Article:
Many thanks to technological advancements we get to trace our ancestry and family lineage to a degree through a wide range of DNA testing services. Such services commonly store millions of records and accounts on the DNA test results and screenings the assist with the investigation of family histories. Unfortunately, the account data stored by the Israel-based DNA testing service, MyHeritage, was attacked by hackers who look to have stolen credentials of its 92 million customers.
The scrutiny of data security and what companies are doing to protect their customers is a hot topic that has only been exacerbated in recent months due to cases like Facebook's Cambridge Analytica data share debacle. Moreover, various entities and governments around the world are being forced to patch vulnerabilities within specific systems and servers to prevent hacking so they don't end up allowing hackers to steal important information.
In the case of MyHeritage being hacked, it looks as if the database that includes the email addresses and hashed passwords of their 92 million users was accessed. The data breach is reportedly still under investigation, and third-party billing providers associated with MyHeritage have ensured users of the DNA testing service that credit card information is not stored on MyHeritage leading its users to believe that their financial data is still safe. Additionally, companies like PayPal and BlueSnap published a blog post to further ensure users of MyHeritage that other types of sensitive data, such as family trees and DNA data was stored on segregated systems, all separate from those in the hacked email addresses and password files.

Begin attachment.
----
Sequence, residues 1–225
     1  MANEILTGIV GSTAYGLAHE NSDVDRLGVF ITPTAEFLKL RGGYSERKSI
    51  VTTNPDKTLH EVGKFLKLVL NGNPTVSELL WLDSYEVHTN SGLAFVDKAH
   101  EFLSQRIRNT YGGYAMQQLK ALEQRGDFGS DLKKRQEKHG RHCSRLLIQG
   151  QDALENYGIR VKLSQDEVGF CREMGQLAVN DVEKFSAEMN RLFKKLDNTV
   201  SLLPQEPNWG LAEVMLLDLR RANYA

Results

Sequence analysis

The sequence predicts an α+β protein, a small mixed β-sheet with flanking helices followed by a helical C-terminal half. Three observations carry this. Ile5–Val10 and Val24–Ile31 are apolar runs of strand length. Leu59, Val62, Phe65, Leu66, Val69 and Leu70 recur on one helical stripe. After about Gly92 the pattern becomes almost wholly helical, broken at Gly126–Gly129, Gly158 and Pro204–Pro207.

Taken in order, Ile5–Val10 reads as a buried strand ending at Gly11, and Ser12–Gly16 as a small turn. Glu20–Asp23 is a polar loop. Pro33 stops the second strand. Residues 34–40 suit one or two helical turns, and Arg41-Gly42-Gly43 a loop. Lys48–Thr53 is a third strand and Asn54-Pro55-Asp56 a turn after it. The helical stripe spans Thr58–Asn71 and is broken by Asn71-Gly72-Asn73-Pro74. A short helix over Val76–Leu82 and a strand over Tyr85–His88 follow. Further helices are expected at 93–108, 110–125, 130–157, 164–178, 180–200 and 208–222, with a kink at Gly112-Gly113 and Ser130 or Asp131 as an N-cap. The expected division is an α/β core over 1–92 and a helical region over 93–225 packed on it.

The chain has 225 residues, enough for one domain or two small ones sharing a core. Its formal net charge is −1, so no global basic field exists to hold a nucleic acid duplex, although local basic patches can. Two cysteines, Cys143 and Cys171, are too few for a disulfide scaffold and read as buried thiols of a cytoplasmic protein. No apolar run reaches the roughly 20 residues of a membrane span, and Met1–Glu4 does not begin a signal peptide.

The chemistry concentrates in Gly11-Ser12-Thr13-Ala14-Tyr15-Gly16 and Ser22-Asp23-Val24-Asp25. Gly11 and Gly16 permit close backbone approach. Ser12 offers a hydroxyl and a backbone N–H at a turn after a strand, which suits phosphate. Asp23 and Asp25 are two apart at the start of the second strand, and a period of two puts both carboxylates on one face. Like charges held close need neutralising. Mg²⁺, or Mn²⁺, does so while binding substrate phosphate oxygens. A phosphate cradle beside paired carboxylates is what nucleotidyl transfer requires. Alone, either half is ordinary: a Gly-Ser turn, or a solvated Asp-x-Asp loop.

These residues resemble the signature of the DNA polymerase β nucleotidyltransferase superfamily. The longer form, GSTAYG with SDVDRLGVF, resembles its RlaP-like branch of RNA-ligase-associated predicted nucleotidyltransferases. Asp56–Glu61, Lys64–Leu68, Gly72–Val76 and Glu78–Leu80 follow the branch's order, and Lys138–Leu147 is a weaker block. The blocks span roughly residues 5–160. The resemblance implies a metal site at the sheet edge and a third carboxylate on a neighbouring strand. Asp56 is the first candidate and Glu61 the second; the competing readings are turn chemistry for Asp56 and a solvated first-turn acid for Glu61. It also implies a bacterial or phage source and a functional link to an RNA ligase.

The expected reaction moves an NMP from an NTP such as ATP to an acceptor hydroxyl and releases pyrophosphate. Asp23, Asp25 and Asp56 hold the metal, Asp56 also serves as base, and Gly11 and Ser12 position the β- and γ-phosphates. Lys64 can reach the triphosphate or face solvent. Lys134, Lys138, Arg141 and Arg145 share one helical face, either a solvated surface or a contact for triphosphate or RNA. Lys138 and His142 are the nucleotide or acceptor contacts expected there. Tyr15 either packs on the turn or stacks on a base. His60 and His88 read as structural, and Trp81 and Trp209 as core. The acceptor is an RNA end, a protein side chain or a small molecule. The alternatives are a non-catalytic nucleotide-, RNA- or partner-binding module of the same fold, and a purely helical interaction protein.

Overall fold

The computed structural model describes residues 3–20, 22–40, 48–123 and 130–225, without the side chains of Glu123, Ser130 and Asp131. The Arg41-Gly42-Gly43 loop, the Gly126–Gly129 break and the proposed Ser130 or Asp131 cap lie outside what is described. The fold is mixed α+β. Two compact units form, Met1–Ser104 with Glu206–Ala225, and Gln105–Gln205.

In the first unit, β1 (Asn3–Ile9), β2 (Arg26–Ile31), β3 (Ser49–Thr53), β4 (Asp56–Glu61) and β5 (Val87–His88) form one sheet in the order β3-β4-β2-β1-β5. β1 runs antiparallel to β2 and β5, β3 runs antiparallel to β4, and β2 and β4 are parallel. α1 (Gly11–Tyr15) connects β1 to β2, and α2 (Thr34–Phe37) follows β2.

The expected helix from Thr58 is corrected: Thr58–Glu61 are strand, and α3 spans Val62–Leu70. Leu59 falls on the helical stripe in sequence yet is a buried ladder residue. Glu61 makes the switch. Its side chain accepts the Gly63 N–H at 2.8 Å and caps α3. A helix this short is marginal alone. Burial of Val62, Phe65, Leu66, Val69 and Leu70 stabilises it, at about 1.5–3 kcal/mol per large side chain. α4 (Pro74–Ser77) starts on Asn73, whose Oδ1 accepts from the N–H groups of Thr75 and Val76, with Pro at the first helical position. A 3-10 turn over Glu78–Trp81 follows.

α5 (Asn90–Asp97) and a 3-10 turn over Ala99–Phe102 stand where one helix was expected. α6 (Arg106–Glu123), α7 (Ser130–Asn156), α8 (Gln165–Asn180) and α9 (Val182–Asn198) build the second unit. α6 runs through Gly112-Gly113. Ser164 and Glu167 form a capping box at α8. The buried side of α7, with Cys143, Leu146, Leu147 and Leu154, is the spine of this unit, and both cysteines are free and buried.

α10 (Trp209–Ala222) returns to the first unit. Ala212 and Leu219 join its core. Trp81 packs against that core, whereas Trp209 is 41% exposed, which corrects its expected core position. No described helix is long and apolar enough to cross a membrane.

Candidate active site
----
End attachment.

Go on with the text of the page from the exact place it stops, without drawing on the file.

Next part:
After the data breach took place, MyHeritage noted that they do not store customer passwords in plaintext and that the hacked file contains passwords in a hacking algorithm used to protect the user passwords. As far as hackers having any ability to uncover the passwords have yet to be seen but customers of MyHeritage are ensured that their passwords are "probably safe."
MyHeritage has hired an independent cybersecurity firm to conduct further investigations and a forensic investigation of the data breach. As an added layer of security, MyHeritage plans to add a two-factor authentication feature for its users as an option. Additionally, MyHeritage users are urged to change their passwords - just in case.
While the traditional security measures look to be taken in the MyHeritage breach, such a case is further evidence of how vulnerable systems remain that harbor massive amounts of consumer data. If the hacker perpetrators of the data breach are at all able to decrypt the hashed passwords exposed in the breach, millions of accounts could be compromised and accessed by unauthorized cybercrooks. Moreover, being that the MyHeritage accounts contain family data and profiles that reveal the identity of family members, the risk of identity theft cases may be thrown into the mix. So far, taking the word of MyHeritage and their third-party vendors, the data is safe, and hackers are unable to decrypt the hashed passwords. We can all hope that such a notion will pan out and the MyHeritage data breach becomes one of the many countless and failed attempts by hackers to steal consumer data.